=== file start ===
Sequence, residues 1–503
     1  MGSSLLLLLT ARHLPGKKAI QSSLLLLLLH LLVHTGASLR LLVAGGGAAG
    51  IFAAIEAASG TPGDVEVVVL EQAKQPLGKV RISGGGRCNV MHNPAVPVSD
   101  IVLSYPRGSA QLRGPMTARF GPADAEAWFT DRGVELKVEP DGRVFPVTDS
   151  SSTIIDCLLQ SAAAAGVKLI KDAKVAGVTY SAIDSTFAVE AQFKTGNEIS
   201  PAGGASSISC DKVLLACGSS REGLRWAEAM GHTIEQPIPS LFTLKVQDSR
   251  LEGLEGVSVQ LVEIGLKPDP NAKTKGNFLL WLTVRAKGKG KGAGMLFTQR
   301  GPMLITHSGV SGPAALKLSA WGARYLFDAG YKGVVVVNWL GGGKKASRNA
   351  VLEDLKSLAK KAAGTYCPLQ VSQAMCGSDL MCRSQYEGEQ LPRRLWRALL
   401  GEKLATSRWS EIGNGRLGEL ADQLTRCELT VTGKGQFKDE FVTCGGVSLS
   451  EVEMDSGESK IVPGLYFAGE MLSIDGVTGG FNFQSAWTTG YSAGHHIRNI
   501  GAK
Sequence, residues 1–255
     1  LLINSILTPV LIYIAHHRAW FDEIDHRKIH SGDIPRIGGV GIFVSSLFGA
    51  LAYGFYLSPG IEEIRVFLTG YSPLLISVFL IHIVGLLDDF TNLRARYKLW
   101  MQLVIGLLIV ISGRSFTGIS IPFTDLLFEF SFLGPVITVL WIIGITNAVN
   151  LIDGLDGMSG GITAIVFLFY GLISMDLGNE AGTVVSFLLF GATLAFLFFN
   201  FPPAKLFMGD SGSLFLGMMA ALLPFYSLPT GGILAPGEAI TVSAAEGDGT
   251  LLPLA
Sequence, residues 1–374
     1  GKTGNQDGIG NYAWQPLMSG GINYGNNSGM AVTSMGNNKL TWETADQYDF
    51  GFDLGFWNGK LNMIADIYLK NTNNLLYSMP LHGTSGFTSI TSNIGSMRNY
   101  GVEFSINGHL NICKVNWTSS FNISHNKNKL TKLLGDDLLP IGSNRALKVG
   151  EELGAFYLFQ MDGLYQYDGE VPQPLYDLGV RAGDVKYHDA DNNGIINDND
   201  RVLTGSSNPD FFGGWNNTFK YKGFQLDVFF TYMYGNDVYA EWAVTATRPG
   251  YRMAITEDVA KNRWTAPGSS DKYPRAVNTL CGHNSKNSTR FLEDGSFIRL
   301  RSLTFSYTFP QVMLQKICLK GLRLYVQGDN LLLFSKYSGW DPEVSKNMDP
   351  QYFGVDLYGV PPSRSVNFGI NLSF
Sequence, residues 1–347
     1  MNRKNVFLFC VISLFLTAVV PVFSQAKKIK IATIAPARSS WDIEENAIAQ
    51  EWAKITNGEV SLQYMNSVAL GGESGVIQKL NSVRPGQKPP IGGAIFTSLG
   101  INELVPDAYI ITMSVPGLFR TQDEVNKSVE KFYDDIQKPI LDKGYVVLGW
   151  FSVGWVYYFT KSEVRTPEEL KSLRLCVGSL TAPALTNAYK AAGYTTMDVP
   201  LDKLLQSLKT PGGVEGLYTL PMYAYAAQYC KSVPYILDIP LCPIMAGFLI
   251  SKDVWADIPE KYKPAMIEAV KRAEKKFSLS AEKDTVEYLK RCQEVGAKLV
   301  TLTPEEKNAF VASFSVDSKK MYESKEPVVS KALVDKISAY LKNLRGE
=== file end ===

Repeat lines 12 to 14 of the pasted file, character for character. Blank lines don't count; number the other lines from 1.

   501  GAK
Sequence, residues 1–255
     1  LLINSILTPV LIYIAHHRAW FDEIDHRKIH SGDIPRIGGV GIFVSSLFGA